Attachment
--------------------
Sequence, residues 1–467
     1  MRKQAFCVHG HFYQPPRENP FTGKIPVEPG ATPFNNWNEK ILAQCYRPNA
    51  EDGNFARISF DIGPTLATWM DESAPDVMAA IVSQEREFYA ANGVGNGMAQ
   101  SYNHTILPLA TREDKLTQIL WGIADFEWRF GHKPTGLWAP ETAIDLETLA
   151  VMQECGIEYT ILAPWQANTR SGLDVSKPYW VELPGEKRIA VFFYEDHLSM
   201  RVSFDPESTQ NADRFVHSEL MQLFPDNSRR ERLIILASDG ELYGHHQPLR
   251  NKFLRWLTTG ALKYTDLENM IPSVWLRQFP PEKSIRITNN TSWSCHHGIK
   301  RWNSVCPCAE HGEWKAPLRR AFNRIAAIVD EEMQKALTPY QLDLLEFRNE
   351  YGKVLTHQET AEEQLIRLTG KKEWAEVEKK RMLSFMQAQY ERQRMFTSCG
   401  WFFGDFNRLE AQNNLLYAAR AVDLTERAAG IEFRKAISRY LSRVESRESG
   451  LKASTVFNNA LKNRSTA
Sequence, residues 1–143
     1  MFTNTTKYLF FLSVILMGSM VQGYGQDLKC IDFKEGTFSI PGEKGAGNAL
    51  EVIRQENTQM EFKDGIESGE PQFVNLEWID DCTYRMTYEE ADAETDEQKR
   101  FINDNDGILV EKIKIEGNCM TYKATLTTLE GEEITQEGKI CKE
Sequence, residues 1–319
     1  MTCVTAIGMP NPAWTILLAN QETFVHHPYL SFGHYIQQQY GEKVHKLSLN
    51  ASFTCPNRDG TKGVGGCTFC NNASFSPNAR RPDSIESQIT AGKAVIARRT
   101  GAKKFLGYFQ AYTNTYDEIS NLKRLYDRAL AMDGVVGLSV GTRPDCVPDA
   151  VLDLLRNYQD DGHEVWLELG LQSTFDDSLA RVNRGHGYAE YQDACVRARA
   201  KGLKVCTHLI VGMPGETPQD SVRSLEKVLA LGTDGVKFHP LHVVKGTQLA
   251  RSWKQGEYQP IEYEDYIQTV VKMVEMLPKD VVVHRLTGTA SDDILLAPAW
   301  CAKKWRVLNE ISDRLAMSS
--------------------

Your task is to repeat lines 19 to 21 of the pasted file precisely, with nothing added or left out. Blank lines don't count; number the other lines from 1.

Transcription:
   101  GAKKFLGYFQ AYTNTYDEIS NLKRLYDRAL AMDGVVGLSV GTRPDCVPDA
   151  VLDLLRNYQD DGHEVWLELG LQSTFDDSLA RVNRGHGYAE YQDACVRARA
   201  KGLKVCTHLI VGMPGETPQD SVRSLEKVLA LGTDGVKFHP LHVVKGTQLA